Environmental Economics Course Bridges Studies Across Campus

September 27, 2021
Students realize impact of addressing sustainability and environmental issues through economics

“I want my students to understand that environmental problems have strong economic roots. And, although it seems to be the popular belief among students that economic gains can only be achieved at the expense of environmental quality, I try to highlight that that is no longer the mainstream way of thinking about the environment-economy relationship and environmental stewardship can go hand in hand with economic development.”

Binish Rijal, assistant professor of economics, is helping students understand pollution as an economic phenomenon and apply the “economic way of thinking” to understand the cause of major environmental problems and in providing policy prescriptions through his course Environmental Economics.

The course attracts students from across campus in their interdisciplinary studies. “The mix of the students brings contending perspectives on how environmental problems ought to be dealt with and the regulatory stringency with which we ought to address the various types of environmental problems, so it makes way for some really exciting classroom discussions,” shared Rijal.

Taylor Coleman, ’22, plans to pursue a master’s degree in marine biology after UR and credits this course of making the connection with the realm of the social sciences. “It has allowed me to branch out from my background and comfort zone in the natural sciences and acquire new knowledge and perspectives that only serve to reinforce my understanding of the complexity that characterizes the human-environment dynamic relationship,” Coleman said.

During the semester, students delve into stationary source air pollution, vehicular emissions, climate change, water pollution, land pollution, and toxic waste, among other environmental issues, and learn about the real-world policies that have been implemented to address them.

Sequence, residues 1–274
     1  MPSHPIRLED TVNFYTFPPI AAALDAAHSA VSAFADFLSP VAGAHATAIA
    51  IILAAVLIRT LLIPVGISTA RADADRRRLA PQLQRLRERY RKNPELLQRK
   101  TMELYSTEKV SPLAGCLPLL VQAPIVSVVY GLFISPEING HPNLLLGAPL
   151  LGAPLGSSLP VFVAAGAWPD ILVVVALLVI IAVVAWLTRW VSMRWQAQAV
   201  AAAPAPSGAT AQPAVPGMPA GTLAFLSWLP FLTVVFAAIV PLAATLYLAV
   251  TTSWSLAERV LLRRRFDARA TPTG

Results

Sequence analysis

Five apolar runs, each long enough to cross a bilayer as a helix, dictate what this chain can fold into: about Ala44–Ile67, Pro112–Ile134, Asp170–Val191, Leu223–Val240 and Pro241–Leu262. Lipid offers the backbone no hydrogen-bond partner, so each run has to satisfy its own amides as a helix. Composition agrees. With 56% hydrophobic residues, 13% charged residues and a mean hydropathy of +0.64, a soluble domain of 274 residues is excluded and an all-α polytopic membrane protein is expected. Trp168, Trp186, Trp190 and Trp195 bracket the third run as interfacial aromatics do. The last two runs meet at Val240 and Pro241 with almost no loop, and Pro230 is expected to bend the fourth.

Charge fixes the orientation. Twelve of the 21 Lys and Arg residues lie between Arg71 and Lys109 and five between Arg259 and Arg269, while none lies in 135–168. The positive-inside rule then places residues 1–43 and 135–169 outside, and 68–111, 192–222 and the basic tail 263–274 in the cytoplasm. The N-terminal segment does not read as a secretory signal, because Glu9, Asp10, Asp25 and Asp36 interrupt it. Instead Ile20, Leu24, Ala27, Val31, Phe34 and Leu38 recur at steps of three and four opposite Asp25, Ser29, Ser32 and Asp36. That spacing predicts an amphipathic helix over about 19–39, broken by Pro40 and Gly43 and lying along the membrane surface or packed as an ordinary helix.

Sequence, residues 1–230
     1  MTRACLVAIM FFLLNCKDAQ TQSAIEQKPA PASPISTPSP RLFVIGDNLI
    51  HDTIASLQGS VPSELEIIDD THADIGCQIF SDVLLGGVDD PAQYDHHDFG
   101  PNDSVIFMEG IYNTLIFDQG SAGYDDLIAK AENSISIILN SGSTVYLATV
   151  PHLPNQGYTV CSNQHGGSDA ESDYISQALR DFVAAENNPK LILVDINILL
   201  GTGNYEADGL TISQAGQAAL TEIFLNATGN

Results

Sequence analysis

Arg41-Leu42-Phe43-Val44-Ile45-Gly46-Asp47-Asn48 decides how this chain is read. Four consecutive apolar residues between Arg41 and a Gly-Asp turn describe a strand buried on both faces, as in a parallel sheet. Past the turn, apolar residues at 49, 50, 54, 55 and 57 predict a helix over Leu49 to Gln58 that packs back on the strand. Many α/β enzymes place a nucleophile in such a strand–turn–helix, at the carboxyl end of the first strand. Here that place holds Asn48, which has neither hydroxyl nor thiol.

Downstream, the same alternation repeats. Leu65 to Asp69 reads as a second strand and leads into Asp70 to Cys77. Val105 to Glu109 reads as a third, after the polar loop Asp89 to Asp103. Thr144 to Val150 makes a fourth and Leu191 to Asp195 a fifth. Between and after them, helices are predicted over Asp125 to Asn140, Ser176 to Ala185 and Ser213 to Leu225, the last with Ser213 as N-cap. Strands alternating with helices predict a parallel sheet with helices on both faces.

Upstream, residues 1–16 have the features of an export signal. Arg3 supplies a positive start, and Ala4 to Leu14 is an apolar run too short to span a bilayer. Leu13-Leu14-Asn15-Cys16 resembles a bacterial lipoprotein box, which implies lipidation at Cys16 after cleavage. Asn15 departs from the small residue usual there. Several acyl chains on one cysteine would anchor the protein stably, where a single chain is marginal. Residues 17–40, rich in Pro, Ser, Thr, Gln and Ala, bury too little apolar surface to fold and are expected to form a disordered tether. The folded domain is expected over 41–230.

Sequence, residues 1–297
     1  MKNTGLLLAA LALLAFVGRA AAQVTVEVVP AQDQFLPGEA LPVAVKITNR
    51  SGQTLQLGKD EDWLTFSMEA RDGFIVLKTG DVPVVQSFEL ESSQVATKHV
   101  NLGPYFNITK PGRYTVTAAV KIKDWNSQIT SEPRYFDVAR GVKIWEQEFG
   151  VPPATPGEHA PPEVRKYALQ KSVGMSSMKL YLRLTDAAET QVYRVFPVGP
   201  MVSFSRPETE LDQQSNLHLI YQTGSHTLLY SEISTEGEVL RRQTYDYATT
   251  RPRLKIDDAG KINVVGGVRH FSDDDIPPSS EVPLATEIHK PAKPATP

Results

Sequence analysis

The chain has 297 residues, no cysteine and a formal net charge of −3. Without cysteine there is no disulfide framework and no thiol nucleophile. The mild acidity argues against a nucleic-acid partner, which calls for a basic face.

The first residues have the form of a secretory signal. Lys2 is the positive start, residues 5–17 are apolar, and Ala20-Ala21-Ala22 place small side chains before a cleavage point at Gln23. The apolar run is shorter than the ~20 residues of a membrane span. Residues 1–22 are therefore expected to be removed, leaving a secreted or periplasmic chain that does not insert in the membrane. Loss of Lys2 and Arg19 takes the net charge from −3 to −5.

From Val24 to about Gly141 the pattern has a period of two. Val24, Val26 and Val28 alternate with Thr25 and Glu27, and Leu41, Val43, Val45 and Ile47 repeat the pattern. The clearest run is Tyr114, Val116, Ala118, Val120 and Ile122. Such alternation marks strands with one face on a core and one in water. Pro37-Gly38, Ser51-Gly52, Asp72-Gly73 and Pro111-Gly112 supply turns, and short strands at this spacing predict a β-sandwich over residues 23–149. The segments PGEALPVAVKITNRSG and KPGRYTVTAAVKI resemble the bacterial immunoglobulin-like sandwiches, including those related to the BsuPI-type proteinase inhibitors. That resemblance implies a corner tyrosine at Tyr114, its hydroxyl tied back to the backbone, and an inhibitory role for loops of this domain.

“Having a strong base of knowledge on the intersection of the environment and economics will help aid me in understanding what steps I can take to help protect the environment through legislation, teaching, etc. I wanted to understand how economics can be used to preserve the natural world,” said Zazi Halla, ’24, who hopes to use her environmental and Chinese studies to explore environmental management or teaching overseas.

A major assignment in the course tasks students with exploring a contemporary environmental problem and reflecting how what they learned might have led them to gain a deeper understanding of the issue and its proposed solution.  “I have been impressed with students’ interest in a wide variety of issues ranging from municipal level localized pollution hotspots to global issues such as plastic pollution and climate change,” said Rijal.

Mikkel Sager is an exchange student from Coppenhagen Business School and says the course is a must-have for any sustainability-related role. “Environmental issues are a great passion of mine. I acknowledge that we’re facing some serious challenges and that we need to adapt our ways of thinking economics and societal structures to these challenges,” Sager said. “If utilized properly, the alternative perspectives learned in this course can serve as part of a solution on how to distribute resources, structure society, and measure economic welfare in the future.”

Rijal designed the course to also address environmental justice and sustainable development which are often sidelined in a typical environmental economics syllabus. “Learning the theoretical reasons why environmental issues are prevalent has been a highlight,” said Anthony Lawrence, ’22, who studies accounting. “It has made me want to know more about what practical things we can do as economics, or even regular people, to break the theory and change the norm for the betterment of the environment.”